In presenting details of this application of girderwork it has been found advisable to consider at some length (without entering fully upon the important subject of tank construction in general) the details of the tanks themselves, which in this case are of cast iron, as it is hoped that the practical examples described will not be without value to the student.

Scale ⅜ inch = 1 foot.

Fig. 102. Scale ⅜ inch = 1 foot.

Figures 102 to 125 give details of a class of cast-iron tank frequently found in the upper portions of engine houses for pumping machinery, hydraulic accumulators, or other central power stations, and serving as storage tanks for steam or hydraulic machinery, fire purposes, or the like. They not unfrequently form the whole or a portion of the roof in such structures, and where, as in the latter case, they are associated with ordinary roofing details, it is frequently necessary to adopt certain special methods of completing the weathertightness of the whole arrangement.

Scale ⅜ inch = 1 foot.

Fig. 103. Scale ⅜ inch = 1 foot.

In buildings of any considerable architectural importance it may be desirable to conceal the tank behind the parapet or upper portion of the walls of the main building. This leads to a diminution, other things being equal, of the capacity of the tank, as it is desirable to leave sufficient space between the sides of the tank and the enclosing walls for the purpose of examination, painting, or repairs.

On the other hand, the tank is frequently open to view, and may be treated, as far as possible, as an architectural member of the design, although it must be confessed that the ordinary methods of embellishment are not usually remarkable for their artistic success.

Scale  inch = 1 foot.

Fig. 104. Scale inch = 1 foot.

Figures 102, 103, and 104 give part longitudinal and transverse sections of the tank.

Figure 104 shows that side of the tank next to the enclosing parapet wall of the main building. Fig. 102 shows the side of tank next to the roofing and roof principal of special construction referred to in Chapter V (Roof Construction In Mild Steel And Iron)., p. 301.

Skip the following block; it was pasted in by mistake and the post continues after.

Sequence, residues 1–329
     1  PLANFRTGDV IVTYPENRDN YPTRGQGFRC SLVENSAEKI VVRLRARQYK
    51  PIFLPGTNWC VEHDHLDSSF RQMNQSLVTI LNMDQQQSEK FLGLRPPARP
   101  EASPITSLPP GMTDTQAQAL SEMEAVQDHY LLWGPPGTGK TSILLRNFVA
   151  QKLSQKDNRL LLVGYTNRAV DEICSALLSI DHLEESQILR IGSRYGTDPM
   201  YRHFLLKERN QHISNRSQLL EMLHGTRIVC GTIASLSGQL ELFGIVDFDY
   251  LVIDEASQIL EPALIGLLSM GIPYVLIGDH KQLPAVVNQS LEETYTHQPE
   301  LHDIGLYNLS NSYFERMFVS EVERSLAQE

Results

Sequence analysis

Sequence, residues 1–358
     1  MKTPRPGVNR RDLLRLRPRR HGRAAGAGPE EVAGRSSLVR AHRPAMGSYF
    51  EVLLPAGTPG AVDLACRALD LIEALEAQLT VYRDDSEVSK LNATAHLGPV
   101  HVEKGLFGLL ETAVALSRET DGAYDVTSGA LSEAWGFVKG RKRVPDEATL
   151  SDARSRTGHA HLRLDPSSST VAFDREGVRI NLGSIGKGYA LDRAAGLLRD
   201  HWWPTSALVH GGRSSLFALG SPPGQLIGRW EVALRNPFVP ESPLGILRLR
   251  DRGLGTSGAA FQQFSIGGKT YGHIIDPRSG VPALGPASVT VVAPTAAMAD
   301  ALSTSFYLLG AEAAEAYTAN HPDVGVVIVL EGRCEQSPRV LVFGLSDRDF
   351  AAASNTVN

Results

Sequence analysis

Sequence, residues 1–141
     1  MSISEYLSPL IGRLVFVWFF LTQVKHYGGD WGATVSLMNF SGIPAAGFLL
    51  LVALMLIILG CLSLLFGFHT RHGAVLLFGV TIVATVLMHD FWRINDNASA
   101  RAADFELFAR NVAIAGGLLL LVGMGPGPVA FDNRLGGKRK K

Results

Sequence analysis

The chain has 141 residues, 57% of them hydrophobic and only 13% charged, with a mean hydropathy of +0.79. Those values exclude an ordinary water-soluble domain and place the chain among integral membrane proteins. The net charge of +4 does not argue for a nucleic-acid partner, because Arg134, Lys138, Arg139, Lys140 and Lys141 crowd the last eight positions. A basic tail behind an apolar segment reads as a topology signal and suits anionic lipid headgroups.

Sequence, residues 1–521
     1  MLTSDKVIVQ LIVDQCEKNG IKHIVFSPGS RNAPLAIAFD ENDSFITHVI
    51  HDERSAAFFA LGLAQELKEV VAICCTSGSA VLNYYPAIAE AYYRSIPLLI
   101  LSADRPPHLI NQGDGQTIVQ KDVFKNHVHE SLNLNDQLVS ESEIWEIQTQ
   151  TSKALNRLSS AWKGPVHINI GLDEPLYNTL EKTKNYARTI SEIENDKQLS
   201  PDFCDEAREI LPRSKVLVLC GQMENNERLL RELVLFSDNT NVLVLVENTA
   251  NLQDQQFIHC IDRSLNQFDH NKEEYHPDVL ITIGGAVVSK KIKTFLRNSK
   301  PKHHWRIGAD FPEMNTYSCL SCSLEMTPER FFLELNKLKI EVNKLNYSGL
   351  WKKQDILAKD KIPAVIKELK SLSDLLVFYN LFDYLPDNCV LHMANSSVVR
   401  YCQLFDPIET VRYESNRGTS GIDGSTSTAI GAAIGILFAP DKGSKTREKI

The tank consists of cast-iron flanged plates, forming the bottom and sides. The bottom plates in the tank under consideration are of the dimensions shown in length and width, these dimensions being obtained by the setting out of the girderwork carrying the tank, and are probably about as large as plates of this kind should be made, having regard to the head of water supported (only about 4 feet 6 inches in this case), and to the necessity of uniformity of thickness in the metal, avoidance of flaws, etc.

Scale  inch = 1 foot.

Fig. 106. Scale inch = 1 foot.

Scale  inch = 1 foot.

Fig. 105. Scale inch = 1 foot.

Scale  inch = 1 foot.

Fig. 108. Scale inch = 1 foot.

Scale  inch = 1 foot.

Fig. 107. Scale inch = 1 foot.

Bottom and side plates are shown in Figs. 105 to 108.

The side plates are of similar lengths to the bottom plates, and 4 feet 6 inches in height. The thickness of metal in bottom and side plates is ⅞ inch and inch respectively; the actual thickness will be governed by the depth of water carried, but the requirements of the foundry will necessitate a limit of thinness beyond which the risk of inequality of metal will be run.

Scale  inch = 1 foot.

Fig. 109. Scale inch = 1 foot.

The side plates are connected with the bottom plates by the angle pieces shown in Figs. 102, 103, 104, and on a larger scale in Fig. 109. The angle pieces in this case are shown with a square corner in the angle. This form, which offers a certain simplicity in the pattern-making, would not be a good one for heavier pressures of water, and an angle or connecting piece having a circular quadrant section is frequently used, in accordance with the well-known principle regulating the best form of cast-iron construction under heavy pressures, such, for example, as the bottoms of hydraulic rams. Such considerations, however, are not to the point in such a case as the present, where the head of water is inconsiderable.

Scale ⅜ inch = 1 foot.

Fig. 110. Scale ⅜ inch = 1 foot.

The tank is divided into two halves by a partition of plates similar to the side plates, as shown in Figs. 110 and 111. This division serves the purpose of providing a reserve of water storage when one-half of the tank is laid dry for cleaning or repairs, but it sometimes implies the use of a double set of supply, outlet, and overflow pipes, while the partition itself must be capable of resisting water pressure on alternate sides. The connection of the division plates with the sides and bottom is formed by a double angle piece, cast in one, as shown in Figs. 110 and 111. The junction at the vertical corners of the tank are also formed by single angle pieces, as shown in plan in Fig. 112.

Scale ⅜ inch = 1 foot.

Fig. 111. Scale ⅜ inch = 1 foot.

The whole of the bottom and side plates are provided with flanges round their edges, as shown in the illustrations, of sufficient depth (in this case 2 inches) to accommodate the size of the bolts used in connection. All the meeting surfaces of these flanges are, in good work, machined where they are in contact, a chipping or planing fillet being provided for that purpose, in such wise that when fitted together a caulking space of about inch in width is left between the flanges, which space is filled up with iron cement to form a perfectly watertight joint. The flanges are stiffened by a gusset piece between every bolt, the bolt-holes being cored out to receive galvanized bolts. Occasionally the holes are left square, and the bolts provided with square necks. Upon the efficiency of the caulked cement joint the proper Watertightness of the tank mainly depends.

Scale ⅜ inch = 1 foot.

Fig. 112. Scale ⅜ inch = 1 foot.